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Financial Guidance Thread

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View Badger11's Profile Badger11 Flag Beckenham 20 Jul 20 11.43am Send a Private Message to Badger11 Add Badger11 as a friend

Originally posted by Goal Machine

It certainly isn't for everyone.

Ideal for those who don't want to move out of their home but are in need of liquidity. The roll up interest rates are high so eat away at your estate pretty quickly. In your situation with no children, it might be the ideal solution - might as well spend the money and enjoy it if you can.

Where ER is starting to be used differently in recent years are for individuals with large Defined Contribution pensions and properties valued over £1m. Property is included within the estate for IHT purposes whereas the pension isn't. If there is no desire to pass on the property to your children, it is more tax efficient for the beneficiary to receive the pension tax free than a property with the excess over £1m taxed at 40%.

Now that is a great suggestion

 


One more point

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View Goal Machine's Profile Goal Machine Flag The Cronx Today 8.46am Send a Private Message to Goal Machine Add Goal Machine as a friend

Helping elderly relatives and you plan for the future (part 3)

In the previous two articles in this series we discussed the basic assistance required help an elderly person manage their finances, plus a couple of different options to help pay for their care.
I wanted to discuss more tax planning around inheritance tax.

The Government announced that revenues from inheritance tax were £5.4 BILLION for the tax year 18/19. The expectation from HMRC is this figure is set to reach £10 BILLION by 2030. Whether you agree with this or not, these are enormous amounts of family wealth that are being transferred across to HMRC.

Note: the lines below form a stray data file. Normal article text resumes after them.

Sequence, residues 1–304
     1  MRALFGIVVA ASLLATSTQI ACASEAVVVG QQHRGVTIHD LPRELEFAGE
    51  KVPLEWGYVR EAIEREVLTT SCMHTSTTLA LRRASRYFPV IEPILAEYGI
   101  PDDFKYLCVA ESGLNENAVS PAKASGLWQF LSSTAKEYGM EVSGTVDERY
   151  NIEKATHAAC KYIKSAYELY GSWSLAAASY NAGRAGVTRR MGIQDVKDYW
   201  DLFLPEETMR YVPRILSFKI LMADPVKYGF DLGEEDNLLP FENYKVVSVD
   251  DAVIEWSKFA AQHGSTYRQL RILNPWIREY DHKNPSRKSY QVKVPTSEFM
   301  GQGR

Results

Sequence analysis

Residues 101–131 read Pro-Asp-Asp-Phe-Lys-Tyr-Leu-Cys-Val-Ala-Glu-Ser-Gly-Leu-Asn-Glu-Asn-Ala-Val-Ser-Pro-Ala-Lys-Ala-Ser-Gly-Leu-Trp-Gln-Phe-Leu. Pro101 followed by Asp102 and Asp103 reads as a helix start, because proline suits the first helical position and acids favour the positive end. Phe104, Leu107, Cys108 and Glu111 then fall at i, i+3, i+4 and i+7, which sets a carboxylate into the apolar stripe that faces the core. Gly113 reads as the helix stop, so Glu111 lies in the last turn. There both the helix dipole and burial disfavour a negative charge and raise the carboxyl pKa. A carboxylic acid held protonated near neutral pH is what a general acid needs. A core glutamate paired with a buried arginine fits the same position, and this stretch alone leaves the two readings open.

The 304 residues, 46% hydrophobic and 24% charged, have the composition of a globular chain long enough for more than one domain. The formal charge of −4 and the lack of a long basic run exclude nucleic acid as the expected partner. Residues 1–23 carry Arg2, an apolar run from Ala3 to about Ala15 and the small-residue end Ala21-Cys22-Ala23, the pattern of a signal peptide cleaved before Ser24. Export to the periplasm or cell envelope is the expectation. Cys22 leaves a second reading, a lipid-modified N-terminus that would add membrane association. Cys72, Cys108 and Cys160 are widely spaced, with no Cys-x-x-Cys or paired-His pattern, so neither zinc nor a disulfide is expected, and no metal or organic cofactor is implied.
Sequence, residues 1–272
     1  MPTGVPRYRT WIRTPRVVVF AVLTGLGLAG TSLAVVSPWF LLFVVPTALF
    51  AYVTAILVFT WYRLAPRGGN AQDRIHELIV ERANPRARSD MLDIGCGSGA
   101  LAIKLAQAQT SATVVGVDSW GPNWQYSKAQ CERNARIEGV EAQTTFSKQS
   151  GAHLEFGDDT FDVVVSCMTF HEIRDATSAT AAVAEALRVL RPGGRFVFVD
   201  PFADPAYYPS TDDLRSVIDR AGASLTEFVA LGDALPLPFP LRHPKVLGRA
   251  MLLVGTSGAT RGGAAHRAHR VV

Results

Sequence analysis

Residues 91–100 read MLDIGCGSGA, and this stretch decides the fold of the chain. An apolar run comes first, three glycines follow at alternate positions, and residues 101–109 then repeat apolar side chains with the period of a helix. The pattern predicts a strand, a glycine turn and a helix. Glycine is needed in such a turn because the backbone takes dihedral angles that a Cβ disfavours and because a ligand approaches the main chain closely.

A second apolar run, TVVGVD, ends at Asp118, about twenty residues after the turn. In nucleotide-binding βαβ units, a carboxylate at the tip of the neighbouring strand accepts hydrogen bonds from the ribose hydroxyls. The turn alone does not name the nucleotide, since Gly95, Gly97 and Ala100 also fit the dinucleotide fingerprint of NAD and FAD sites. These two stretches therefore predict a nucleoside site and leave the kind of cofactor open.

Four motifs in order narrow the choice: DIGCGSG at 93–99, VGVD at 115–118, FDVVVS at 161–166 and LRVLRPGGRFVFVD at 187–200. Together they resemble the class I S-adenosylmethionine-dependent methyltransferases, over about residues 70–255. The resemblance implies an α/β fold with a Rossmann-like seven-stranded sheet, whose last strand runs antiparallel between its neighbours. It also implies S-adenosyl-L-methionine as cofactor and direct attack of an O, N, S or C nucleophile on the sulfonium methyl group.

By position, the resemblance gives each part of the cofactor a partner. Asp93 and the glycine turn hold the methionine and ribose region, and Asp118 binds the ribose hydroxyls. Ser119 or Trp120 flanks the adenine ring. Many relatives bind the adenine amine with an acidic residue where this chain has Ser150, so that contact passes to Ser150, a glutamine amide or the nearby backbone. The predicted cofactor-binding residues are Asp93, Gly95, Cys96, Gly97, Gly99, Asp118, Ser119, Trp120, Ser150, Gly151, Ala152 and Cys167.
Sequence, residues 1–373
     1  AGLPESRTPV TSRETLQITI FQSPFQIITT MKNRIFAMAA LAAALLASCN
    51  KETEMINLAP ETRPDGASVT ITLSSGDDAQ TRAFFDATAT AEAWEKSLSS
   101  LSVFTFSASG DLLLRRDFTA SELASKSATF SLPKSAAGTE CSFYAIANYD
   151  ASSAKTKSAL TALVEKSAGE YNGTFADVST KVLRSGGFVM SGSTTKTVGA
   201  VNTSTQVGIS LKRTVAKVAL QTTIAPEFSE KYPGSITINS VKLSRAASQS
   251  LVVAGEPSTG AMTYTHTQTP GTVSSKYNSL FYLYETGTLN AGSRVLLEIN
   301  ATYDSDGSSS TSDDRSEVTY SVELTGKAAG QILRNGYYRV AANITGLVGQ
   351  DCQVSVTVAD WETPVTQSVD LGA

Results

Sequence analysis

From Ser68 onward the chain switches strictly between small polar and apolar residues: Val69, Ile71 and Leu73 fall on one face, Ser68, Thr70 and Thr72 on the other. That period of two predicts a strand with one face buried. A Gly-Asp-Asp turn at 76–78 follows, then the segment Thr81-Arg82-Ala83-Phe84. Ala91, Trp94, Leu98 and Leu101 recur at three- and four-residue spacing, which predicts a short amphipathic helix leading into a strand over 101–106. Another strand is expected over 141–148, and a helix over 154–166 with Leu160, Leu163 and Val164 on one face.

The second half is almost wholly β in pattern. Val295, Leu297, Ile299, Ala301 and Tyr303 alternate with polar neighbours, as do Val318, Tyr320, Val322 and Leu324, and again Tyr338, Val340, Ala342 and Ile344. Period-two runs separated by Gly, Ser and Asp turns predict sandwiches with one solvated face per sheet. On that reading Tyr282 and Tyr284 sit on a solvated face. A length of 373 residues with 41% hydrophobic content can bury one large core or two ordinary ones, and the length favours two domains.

I would argue that with just some basic understanding of how this tax works, most families could certainly look to reduce their inheritance tax bill and increase the wealth staying in the family.

Here are the key areas to look out for:

1. Life insurance
If your elderly relative still has life insurance, are these written into trust? If not, then the funds will pay out to the deceased’s estate (thereby becoming subject to inheritance tax). If written into trust, the sum assured will bypass the deceased’s estate and be paid directly to the beneficiaries – dare I argue, where it’s meant to be paid.

The best thing about this is the policy can be written into trust at any time – even if the life cover is very old. The policy provider will normally have a trust document that can be completed. So simple, yet so effective.

2- Investment properties
Whilst your elderly relative is still living in their main property then not much can be done with that for inheritance tax purposes, however investment properties are different. If your relative doesn’t rely on the income then these properties can be gifted to another family member (or multiple members). As this is not technically a sale, then there is no stamp duty charged. However, all other legal costs of selling a property should be considered. After 4 years the inheritance tax liability of this gift will begin to reduce and after 7 years it is gone, provided the elderly relative is still alive.

3 – ISAs
ISAs are fantastic tax-free options for income and growth whilst a person is alive. However, on death they are counted as part of the estate and therefore liable for inheritance tax. One option to consider is switching this ISA into another ISA-based investment that qualifies for Business Property Relief (or BPR). BPR‘s main advantage is these assets will become EXEMPT from inheritance tax after only 2 years, versus the normal 7 for a gift. Another benefit is that the investment will always be held in the elderly relative’s name (because they are not giving the funds away) and they can always access them again if required.

4- Cash and shares
There are a couple of options we could look at here. First, we could look at using trusts as a way of managing the assets. Trusts can be particularly useful as you can structure them to invest the money how you would like, but also pay you an income (which is classed as return of capital) back from the trust. This allows you to receive an instant reduction in your asset value and not wait the full 7 years.
The above are just a few different ideas a family could consider when thinking about options around inheritance tax.

Every family situation is different, so if you would like any specialist advice in this area, please feel free to get in contact, either by response to this thread or by PM.

 

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